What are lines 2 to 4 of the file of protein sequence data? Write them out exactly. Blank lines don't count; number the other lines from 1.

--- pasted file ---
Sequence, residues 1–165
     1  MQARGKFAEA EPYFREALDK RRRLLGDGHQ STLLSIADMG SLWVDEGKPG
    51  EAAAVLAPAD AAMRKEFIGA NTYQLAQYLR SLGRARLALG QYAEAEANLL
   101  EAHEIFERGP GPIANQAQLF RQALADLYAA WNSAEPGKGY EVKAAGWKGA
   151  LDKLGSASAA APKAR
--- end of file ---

     1  MQARGKFAEA EPYFREALDK RRRLLGDGHQ STLLSIADMG SLWVDEGKPG
    51  EAAAVLAPAD AAMRKEFIGA NTYQLAQYLR SLGRARLALG QYAEAEANLL
   101  EAHEIFERGP GPIANQAQLF RQALADLYAA WNSAEPGKGY EVKAAGWKGA